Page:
[20] A comparison of simulated area-averaged daily mean SWE values over the course of the 2001–2002 snow season at 27, 9, and 3 km within the boundaries of D3 (Figure 3a) indicates a substantial difference between D27 and the two higher-resolution grids but little difference between D9 and D3. Figure 3b shows time series of SWE averaged across 41 observation stations listed in Table 1 as well as simulated SWE in the corresponding model grid cells at 3, 9, and 27 km resolutions. Figure 3 should be interpreted with caution, since observed and modeled snowpack may represent variability at different spatial scales, as noted in section 2.3, and are not directly comparable. Still, the comparison suggests that all model domains generally underestimate overall SWE, with D3 being the most realistic. During the early accumulation portion of the season, simulated SWE in the 3 km and 9 km solutions tracks the observations well. At about day 50, melt events begin to occur in the simulated time series that are either weaker or nonexistent in the observations. As melting becomes more common later in the season, simulated and observed time series diverge further, with the 3 km and 9 km solutions continuing to deliver better performance than the 27 km solution.

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Figure 3. (a) Mean WRF simulated snowpack for all areas above 1500 m at 3, 9, and 27 km grid spacings. (b) Mean snowpack across 41 snowpack observation stations shown in Table 1 and the corresponding model grid cells at 3, 9, and 27 km grid spacings. Differences between 9 and 3 km are comparatively small, while snowpack is substantially lower in the 27 km simulation. Snowpack at all model resolutions is lower than observations, especially during the latter half of the snow season.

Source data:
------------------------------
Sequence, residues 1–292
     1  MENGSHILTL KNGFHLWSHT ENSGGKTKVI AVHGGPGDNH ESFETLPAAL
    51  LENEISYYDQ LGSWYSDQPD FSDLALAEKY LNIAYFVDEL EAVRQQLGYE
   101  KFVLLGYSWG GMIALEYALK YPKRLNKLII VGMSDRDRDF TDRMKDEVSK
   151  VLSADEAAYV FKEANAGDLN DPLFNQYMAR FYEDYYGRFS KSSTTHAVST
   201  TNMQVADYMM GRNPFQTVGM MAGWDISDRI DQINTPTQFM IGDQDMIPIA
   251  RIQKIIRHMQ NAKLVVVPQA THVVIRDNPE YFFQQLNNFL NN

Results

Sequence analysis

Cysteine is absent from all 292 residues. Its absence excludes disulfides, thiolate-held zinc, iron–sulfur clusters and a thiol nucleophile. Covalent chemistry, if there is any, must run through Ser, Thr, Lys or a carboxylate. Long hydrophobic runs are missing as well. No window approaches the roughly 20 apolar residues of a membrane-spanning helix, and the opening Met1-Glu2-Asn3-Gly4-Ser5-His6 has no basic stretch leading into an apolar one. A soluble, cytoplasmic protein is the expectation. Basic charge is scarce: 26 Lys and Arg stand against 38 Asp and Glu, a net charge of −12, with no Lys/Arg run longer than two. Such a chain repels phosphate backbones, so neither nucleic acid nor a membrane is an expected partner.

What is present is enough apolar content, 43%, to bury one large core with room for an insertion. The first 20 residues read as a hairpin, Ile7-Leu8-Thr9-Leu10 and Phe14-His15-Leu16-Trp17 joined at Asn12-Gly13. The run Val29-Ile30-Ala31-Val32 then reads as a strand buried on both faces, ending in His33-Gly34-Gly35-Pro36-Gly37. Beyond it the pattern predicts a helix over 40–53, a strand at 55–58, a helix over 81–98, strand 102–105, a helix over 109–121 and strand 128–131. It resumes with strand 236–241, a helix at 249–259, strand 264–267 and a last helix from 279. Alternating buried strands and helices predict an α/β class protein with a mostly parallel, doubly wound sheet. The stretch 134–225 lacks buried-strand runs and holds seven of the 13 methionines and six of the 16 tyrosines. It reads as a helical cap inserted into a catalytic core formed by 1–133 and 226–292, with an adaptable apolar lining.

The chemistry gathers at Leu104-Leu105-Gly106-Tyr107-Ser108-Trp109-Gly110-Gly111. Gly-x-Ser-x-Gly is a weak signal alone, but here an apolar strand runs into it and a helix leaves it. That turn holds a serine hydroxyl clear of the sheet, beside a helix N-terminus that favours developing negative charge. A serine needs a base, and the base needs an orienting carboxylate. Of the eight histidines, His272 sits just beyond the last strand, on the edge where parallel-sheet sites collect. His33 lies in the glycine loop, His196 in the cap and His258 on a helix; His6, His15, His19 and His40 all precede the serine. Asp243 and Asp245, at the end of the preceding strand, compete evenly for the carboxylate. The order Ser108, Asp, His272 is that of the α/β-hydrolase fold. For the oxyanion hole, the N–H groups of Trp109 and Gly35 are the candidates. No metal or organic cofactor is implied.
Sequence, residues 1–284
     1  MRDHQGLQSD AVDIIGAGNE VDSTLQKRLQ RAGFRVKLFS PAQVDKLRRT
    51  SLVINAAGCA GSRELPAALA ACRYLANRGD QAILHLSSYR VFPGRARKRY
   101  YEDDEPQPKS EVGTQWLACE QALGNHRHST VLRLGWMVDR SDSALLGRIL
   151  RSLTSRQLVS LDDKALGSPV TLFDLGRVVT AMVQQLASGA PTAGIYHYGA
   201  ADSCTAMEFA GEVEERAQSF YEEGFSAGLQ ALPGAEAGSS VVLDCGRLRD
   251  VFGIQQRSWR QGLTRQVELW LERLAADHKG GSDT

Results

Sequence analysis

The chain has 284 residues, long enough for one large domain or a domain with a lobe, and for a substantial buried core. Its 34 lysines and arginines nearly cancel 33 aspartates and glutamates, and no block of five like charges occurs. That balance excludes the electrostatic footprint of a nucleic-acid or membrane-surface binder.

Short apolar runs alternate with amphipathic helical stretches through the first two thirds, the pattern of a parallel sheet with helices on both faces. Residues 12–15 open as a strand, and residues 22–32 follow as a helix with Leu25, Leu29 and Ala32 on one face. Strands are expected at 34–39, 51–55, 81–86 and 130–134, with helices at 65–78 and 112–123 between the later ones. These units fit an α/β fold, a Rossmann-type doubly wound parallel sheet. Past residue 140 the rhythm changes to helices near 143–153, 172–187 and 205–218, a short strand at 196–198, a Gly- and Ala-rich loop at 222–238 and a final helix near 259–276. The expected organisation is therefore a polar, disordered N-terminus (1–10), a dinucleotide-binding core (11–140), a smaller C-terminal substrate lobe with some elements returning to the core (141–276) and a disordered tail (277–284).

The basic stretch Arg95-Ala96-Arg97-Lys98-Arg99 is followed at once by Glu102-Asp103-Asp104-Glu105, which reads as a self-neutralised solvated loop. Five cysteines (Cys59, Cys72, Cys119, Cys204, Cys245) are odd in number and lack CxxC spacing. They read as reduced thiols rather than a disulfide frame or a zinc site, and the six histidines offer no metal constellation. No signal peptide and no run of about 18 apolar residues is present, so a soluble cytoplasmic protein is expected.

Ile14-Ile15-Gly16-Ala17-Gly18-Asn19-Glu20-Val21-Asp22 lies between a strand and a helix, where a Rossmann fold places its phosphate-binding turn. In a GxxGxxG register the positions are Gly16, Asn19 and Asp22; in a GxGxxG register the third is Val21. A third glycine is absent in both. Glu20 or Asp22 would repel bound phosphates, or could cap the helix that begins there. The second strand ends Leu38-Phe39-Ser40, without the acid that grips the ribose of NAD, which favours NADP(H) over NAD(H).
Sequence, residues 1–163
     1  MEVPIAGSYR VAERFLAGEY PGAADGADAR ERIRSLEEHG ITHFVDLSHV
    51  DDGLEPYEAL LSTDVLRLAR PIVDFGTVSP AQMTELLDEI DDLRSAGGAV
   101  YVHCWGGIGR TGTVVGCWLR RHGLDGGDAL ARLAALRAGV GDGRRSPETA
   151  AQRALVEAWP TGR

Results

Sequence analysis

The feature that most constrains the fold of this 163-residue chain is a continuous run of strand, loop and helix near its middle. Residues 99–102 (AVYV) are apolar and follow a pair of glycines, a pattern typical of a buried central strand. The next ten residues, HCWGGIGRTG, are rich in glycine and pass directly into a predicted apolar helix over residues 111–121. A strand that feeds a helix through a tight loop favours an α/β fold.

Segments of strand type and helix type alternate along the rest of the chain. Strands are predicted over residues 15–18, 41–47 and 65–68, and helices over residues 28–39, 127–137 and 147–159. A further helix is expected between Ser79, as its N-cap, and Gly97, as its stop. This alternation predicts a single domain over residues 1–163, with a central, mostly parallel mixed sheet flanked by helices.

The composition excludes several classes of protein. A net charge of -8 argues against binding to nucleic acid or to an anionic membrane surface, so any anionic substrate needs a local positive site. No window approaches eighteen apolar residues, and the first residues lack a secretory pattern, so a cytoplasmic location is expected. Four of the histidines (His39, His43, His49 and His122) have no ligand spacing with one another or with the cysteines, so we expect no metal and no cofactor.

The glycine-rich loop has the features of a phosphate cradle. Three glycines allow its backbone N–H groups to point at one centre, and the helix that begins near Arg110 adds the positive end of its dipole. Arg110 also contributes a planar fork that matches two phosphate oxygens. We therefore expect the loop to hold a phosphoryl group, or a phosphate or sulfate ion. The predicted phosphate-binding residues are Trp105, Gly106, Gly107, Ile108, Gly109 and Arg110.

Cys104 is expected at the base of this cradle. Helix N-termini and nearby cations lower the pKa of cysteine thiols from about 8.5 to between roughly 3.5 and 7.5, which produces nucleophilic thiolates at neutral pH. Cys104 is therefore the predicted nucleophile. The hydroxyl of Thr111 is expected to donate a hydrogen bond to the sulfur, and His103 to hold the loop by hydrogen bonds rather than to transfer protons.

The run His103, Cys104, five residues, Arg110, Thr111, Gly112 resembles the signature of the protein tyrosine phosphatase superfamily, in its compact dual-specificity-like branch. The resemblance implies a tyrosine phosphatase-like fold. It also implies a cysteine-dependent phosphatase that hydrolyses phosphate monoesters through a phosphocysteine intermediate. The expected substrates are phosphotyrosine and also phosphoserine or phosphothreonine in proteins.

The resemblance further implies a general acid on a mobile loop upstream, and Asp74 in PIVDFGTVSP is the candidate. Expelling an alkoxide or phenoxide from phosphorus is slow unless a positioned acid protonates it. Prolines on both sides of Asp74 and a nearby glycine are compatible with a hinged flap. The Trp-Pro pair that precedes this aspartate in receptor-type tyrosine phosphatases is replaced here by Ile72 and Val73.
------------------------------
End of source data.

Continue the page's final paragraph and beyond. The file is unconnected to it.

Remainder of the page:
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[21] Examination of SWE values within 500 m elevation bands (Figure 4) provides additional information about the performance of the three simulations as a function of elevation. Values of D27 SWE are substantially smaller than D3 and D9 SWE at high elevations but are comparable to, or even somewhat greater than, D9 and D3 SWE at lower elevations. This pattern is likely due to the fact that in some areas adjacent to high-elevation regions D27 elevations are higher than D3 or D9 elevations due to greater smoothing of topography at lower spatial resolution. By contrast, D9 and D3 SWE are relatively similar at all elevations, with the greatest differences occurring at elevations greater than 3000 m, where D3 SWE is about 10% greater than D9 SWE.